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The lifelong athlete progressed rather quickly.
Just six months into her training, she made her mixed martial arts debut. The rush and excitement she experienced that night motivated her to devote all of her free time to her training.
“I dropped all the other sports I was playing at the time, which other people were not too happy about, but that is kind of how I got into it. Straight after that first fight, that was it. This is what I wanted to be doing from now on,” she confesses.
“Martial arts was the first, and only, thing that exposes you for your vulnerabilities, and what you really need to address within yourself to become a better person, a better fighter – everything.”
It was not long after she started training at Auckland MMA and Wild Stables that Crowley decided to give up her day job before moving to Thailand to pursue her new dream.
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"All our dreams can come true if one has the courage and determination to pursue them" Sacrifice is a funny thing. You have to almost remind yourself everyday why you do what you do. This picture represents everything for me. The sacrifice, the tears, the happiness and most of all the love for the sport. Not many people know how much we all sacrifice to succeed in this sport, and although it is hard at times; it is by far the most rewarding thing I have ever experienced in my life. I am blessed with a lot. An amazing team at Wild Stables, family and friends that love me and support me beyond all measure, and trainers that believe in me more than I believe in myself. @madetofit you have been the driving force to this title and although this is the beginning, I need to acknowledge that without you dealing with my mental breakdowns, my tears and my smart mouth I would not be here today. I fight to make you proud and I can't ever thank you enough. Roger Earp, Makoto, Hamish, Van, Dana and my homie @_themarshalletk I am forever grateful for your wisdom and the time you give me to make me a better version of myself every day. This is the beginning. #winnerwinner #wkbf #atomweight #titlefight #goals #blessed #grateful #emotionalpost #muaythai #girlfight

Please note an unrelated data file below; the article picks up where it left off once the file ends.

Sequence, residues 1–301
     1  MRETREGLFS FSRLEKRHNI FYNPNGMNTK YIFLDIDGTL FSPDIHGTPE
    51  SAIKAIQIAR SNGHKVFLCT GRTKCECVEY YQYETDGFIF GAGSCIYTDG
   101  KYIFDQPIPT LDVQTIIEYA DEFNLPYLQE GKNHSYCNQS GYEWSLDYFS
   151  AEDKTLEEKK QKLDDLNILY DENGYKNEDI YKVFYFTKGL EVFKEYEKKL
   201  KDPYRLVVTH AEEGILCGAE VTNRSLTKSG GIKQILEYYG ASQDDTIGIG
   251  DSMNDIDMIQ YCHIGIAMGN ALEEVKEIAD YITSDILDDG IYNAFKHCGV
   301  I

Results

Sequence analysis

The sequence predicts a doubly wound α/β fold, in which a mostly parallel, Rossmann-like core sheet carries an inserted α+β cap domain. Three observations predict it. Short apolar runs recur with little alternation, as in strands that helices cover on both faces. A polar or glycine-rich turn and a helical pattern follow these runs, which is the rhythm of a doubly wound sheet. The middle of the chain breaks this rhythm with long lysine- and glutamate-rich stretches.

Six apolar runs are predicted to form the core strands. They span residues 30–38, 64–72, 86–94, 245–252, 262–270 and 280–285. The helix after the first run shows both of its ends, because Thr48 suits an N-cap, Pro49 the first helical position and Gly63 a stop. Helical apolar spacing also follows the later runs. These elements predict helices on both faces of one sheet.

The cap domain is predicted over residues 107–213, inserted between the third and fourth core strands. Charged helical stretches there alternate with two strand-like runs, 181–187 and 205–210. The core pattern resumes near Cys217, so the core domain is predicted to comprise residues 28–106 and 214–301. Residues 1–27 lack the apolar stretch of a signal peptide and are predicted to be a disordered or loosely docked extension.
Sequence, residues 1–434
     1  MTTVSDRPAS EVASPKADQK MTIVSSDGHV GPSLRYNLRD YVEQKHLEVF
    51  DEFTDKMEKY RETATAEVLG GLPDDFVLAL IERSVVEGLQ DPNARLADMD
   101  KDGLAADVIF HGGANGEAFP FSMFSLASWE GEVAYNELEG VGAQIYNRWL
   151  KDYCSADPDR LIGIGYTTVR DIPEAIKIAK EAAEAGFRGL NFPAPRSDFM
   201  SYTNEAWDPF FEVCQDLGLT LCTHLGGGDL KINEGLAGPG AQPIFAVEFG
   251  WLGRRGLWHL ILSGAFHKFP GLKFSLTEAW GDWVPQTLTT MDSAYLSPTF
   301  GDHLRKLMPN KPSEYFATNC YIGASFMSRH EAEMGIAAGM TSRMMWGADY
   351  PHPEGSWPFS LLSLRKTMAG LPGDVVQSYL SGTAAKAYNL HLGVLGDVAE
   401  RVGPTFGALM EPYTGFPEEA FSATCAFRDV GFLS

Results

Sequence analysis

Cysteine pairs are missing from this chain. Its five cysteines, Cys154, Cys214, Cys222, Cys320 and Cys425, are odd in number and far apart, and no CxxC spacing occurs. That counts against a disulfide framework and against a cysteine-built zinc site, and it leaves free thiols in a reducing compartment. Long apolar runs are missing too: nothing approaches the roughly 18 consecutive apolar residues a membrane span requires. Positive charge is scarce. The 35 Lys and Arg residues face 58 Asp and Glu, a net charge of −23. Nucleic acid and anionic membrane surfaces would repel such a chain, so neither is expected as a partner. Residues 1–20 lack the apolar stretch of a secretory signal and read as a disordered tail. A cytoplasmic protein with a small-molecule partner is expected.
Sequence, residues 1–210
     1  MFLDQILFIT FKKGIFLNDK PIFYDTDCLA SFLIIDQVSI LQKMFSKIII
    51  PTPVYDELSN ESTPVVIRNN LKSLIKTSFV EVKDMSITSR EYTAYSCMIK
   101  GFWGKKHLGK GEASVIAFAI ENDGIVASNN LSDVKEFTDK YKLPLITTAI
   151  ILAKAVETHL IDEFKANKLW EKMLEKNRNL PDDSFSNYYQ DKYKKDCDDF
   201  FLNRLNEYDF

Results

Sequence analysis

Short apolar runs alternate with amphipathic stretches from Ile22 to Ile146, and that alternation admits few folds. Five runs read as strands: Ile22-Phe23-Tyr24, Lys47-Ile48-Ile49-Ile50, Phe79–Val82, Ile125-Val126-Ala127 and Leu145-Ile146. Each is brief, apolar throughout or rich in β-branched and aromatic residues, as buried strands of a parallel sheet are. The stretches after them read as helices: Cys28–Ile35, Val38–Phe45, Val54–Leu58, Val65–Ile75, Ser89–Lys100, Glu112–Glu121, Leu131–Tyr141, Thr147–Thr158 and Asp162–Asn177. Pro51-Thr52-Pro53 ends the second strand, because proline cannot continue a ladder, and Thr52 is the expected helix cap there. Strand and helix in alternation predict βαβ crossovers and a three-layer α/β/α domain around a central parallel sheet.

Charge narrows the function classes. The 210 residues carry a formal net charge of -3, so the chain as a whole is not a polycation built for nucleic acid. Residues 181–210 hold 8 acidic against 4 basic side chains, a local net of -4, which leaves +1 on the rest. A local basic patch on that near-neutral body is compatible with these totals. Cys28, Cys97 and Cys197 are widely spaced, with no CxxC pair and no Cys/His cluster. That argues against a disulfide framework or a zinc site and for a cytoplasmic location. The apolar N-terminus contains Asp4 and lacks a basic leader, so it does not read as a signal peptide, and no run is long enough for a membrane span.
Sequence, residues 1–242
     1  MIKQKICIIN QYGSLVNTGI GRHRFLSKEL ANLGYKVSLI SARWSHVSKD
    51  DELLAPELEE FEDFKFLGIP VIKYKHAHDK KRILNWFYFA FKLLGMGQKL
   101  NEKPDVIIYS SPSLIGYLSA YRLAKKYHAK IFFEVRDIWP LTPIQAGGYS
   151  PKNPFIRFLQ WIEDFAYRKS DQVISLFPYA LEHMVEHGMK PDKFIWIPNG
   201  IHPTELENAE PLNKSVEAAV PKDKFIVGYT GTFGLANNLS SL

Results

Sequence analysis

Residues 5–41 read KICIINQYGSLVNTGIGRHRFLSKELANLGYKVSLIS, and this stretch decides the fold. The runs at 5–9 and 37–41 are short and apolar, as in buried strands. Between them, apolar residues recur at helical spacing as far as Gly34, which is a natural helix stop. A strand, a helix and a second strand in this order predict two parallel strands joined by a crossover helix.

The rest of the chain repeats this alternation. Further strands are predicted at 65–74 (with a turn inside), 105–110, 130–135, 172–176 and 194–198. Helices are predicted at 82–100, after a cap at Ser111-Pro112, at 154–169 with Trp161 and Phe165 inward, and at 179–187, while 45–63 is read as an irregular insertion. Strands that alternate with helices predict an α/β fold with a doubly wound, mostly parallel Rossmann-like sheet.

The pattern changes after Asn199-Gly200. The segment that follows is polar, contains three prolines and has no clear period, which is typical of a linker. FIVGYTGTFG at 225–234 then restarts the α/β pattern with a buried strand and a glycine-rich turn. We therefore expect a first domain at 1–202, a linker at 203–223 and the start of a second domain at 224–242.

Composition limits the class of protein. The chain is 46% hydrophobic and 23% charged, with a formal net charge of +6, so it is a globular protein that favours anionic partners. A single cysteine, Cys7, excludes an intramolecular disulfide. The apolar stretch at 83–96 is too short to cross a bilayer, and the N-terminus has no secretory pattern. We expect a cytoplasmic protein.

Crowley gave up her promising government career to pursue a new ambition in mixed martial arts, and it seemed like stepping into the unknown would be the toughest possible hardship she would face in her young career.
As it turns out, that did not come close to the turmoil she felt when it was time to tell her mother and father about her new life plans.
“In terms of the biggest challenge for me, it was getting my parents on board,” she admits.
“My family has always loved me and supported me, but I think fighting really got to them. For me, they kind of had their own dreams and plans, and bless their hearts, they wanted the best for me. They did not see that me doing fighting was going to provide.”